Woke Gone Wild? Angry Women Led Push That Will Change LSU’s ‘Dale Brown Court’ By Adding Women Coach’s Name

Videos by OutKick

BATON ROUGE – The Louisiana State Capitol is fittingly just three miles from LSU.

And the politics have been seeping down Nicholson Drive to Tiger Stadium like a busted sewer pipe ever since Democrat Huey Long was basically running the LSU football team as governor from 1928-32. He kept his hand in as a United States senator, too, until his assassination in the Capitol in September of 1935.

Democrat governor John McKeithen (1964-72) had his hands in recruiting and remained heavily involved in football on the Board of Supervisors in the 1980s. Democrat governor Edwin Edwards (1972-80, 1984-88, 1992-96) had his hands on many things in office, including football. Republican governor Bobby Jindal (2008-16) lobbied LSU powers to make sure they kept football coach Les Miles from returning to his alma mater when Michigan offered him the job following the 2010 season.

Dale Brown Court Is Barely A Year Old

And now, present Democrat governor John Bel Edwards has made the Pete Maravich Assembly Center basketball court a political football.

Edwards, according to sources close to and on the LSU Board of Supervisors, told the Board members to vote to change the name of the arena’s court from “Dale Brown Court” to “Dale Brown-Sue Gunter Court” at Friday’s board meeting. Edwards appointed all 16 Board members.

LSU coach Dale Brown watches his last game – a 75-54 loss to Georgia on March 6, 1997, at the Pyramid in Memphis in the SEC Tournament. Brown announced before the season he’d retire after 25 years as coach. (Andy Lyons /Allsport).

A committee voted 6-2 on Friday in favor of adding Gunter’s name. A customary full board vote did not happen as that was expected to be 13-2. A general “Yay” passed adding Gunter’s name in the near future. The Board did not say when Gunter’s name would be added. It cost $11,500 to install “Dale Brown Court” over a year ago.

Never mind that just over a year ago on Jan. 4, 2022, LSU held a ceremony with Brown, friends, family, former players and LSU officials and unveiled “Dale Brown Court” before LSU beat Kentucky, 65-60.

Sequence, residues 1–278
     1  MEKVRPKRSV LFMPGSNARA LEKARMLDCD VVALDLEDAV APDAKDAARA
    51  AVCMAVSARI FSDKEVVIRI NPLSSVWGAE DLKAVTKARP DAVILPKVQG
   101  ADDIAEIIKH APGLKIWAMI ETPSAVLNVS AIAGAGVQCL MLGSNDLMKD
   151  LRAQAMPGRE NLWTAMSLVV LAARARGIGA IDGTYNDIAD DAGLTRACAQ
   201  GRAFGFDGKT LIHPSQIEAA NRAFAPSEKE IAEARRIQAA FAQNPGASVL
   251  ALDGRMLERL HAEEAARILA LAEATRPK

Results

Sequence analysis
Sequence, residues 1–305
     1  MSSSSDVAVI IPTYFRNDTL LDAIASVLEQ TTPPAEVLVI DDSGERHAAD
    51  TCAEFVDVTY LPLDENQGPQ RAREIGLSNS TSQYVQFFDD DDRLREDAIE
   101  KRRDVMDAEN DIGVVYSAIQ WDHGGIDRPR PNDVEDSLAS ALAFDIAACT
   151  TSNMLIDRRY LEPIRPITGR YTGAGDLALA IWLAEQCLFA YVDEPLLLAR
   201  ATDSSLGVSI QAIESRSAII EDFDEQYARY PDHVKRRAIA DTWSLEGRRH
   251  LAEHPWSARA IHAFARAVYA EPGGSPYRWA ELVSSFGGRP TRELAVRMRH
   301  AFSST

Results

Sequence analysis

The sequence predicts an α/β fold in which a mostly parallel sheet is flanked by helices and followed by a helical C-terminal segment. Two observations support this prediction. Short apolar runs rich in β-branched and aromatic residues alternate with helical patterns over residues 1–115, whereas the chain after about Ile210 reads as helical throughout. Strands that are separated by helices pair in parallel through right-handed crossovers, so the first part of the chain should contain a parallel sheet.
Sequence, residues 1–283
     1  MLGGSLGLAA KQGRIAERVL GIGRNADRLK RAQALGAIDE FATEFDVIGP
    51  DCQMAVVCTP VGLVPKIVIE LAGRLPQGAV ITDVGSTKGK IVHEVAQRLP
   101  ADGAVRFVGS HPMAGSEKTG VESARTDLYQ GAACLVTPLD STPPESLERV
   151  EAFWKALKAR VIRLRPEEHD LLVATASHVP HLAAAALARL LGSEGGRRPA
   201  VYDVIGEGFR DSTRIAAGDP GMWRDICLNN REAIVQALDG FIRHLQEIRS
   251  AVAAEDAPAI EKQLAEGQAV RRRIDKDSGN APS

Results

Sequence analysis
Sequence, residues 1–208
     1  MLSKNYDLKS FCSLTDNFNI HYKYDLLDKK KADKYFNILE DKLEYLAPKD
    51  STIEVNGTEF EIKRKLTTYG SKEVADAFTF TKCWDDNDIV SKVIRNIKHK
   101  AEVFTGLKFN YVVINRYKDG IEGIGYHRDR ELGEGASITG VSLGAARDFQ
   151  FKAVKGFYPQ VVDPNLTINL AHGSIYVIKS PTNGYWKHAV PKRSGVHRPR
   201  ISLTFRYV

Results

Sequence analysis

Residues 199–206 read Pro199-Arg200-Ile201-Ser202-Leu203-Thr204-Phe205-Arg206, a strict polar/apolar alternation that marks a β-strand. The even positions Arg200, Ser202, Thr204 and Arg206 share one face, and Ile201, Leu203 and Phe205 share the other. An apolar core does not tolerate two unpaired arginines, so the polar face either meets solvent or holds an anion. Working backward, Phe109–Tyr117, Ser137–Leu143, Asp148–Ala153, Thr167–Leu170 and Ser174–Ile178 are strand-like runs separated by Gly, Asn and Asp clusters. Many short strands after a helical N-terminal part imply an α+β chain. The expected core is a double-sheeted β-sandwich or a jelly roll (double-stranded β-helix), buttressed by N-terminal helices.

LSU’s Board Just Voted For Dale Brown Court In 2021

Brown dined with LSU president William Tate and others at his restaurant in town, TJ Ribs, before the game. On Sept. 10 of 2021 at a Board meeting, Tate watched as the Board voted overwhelmingly at 12-3 in favor of “Dale Brown Court” and then voted overwhelmingly at 12-3 against a new motion for “Dale Brown-Sue Gunter Court.”

Brown, who is 87, directed LSU to two Final Fours and two Elite Eights from 1980-87, 13 NCAA Tournaments from 1979 through 1993, including 10 straight, and four Southeastern Conference regular season titles. That was third in titles to only Kentucky coaches Adolph Rupp and Joe B. Hall at the time Brown retired in 1997 with a 448-301 record. He finished his career with four straight losing seasons and left LSU on probation for the next coach.


But none of the first four coaches who followed him have come close to duplicating his consistency in the NCAA Tournament. Only John Brady, who inherited the probation, reached a Final Four in 2006 and won multiple SEC titles.

Gunter, who died at 66 in 2005, took the Lady Tigers to 13 NCAA Tournaments from 1982-2003, but she never took LSU to a Final Four or won an SEC regular season title. Her LSU record was 428-217. Her last team in 2003-04 reached the Final Four and finished 27-8 under assistant coach Pokey Chatman. Gunter sat out the rest of the season after a 16-3 start with an illness and never returned. Chatman took LSU to two more Final Fours. Gunter was 428-217 at LSU.

She signed superstar Seimone Augustus away from Tennessee, and Augustus led LSU to three Final Fours. Gunter also had three losing seasons in the 1990s, including a 7-20 mark in 1995. She kept her job mainly because it did not matter to most fans whether the women’s team won or lost at the time.

Gunter is in the Naismith Hall of Fame as she was a successful coach at Middle Tennessee and Stephen F. Austin before LSU. Brown is in the College Basketball Hall of Fame. Both deserve honors. But the Board voted to honor Brown with the name of the court despite the arguments made to honor both.

And oh, there has been a Gunter statue in the Assembly Center since 2006. So why the court name, too?

There is no statue of former LSU men’s basketball coach Dale Brown, but there has been one of former women’s coach Sue Gunter in the Pete Maravich Assembly Center concourse since 2006. (Photo By Glenn Guilbeau.)

Governor Edwards’ reason?

Women Pushing for Dale Brown Court Name Change

Governor Edwards is getting “hammered by the women,” multiple Board of Supervisors members have said.